Conventional regulatory, program and policy development approaches, which normally depend upon traditional economic theory, lead departments and agencies to anticipate certain outcomes. However, the outcomes may not materialize as originally intended. Why? One possibility is that the assumptions used did not take into account how individuals would actually respond to the new government action. Instead, they were based on more traditional or established perspectives. The government action may have proven more successful, yielded better results, or used fewer resources had it been created using an approach that considered more realistic behavioural responses and a broad range of incentives from people/actors in society.
Behavioural economics, which links economics with psychology, relaxes some of the traditional assumptions about how individuals act and the values they hold. The behavioural approach recognizes that people do not always act in ways that maximize self-interest, and that they do not always have perfect information on which to base decisions. Also, how an issue is framed affects individual response. For example, if we must make a decision between two actions, we are strongly influenced by how the two possible outcomes are presented to us. If one is characterized as a loss and the other as neutral or as a gain, we will often act to avoid the apparent loss—even when the two outcomes are mathematically and theoretically identical. Another example is “asymmetric paternalism – the concept of creating regulations that are relatively harmless to those who regularly make decisions in their best interest, while at the same time helping those who do not independently seek better choices.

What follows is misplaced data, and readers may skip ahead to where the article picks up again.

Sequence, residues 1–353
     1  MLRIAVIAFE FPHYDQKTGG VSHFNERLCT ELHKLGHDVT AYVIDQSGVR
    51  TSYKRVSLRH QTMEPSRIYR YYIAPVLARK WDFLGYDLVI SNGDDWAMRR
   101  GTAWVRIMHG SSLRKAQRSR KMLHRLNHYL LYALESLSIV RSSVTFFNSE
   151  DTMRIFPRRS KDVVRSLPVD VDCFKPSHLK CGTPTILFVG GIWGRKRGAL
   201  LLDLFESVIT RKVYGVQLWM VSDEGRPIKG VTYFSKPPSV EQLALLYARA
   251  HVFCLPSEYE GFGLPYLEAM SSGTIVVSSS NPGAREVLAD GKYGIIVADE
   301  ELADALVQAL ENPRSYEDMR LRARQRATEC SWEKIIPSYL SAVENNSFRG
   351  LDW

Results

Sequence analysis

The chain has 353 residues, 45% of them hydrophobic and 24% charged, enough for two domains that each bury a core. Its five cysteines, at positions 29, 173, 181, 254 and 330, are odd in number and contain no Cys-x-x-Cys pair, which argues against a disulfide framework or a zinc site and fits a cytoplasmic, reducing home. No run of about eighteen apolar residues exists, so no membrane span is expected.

Behavioural economic approaches have increasingly been the focus of mainstream publications. Most notable is Nudge, which was co-authored by Cass Sunstein, currently Administrator of the White House Office of Information and Regulatory Affairs. Many countries may be including these approaches in their toolkits. A report for the Dutch government argues that behavioural economics can help policy-makers to better design policies, at lower cost, without distorting markets or limiting individual choice.
Behavioural economic approaches may not be applicable to all regulatory, program and policy initiatives. But where application is possible, the government action may be completed more efficiently and the outcomes may be more representative of society, as a result of better information made more accessible to decision-makers. Key questions for the Deputy Ministers community are:1
- How integrated are these approaches in current regulatory, program and policy development processes within departments and agencies?
- Is there evidence of improved decision making as a result of these complementary approaches?
- Does further work to identify and illustrate its potential and possible uptake be undertaken?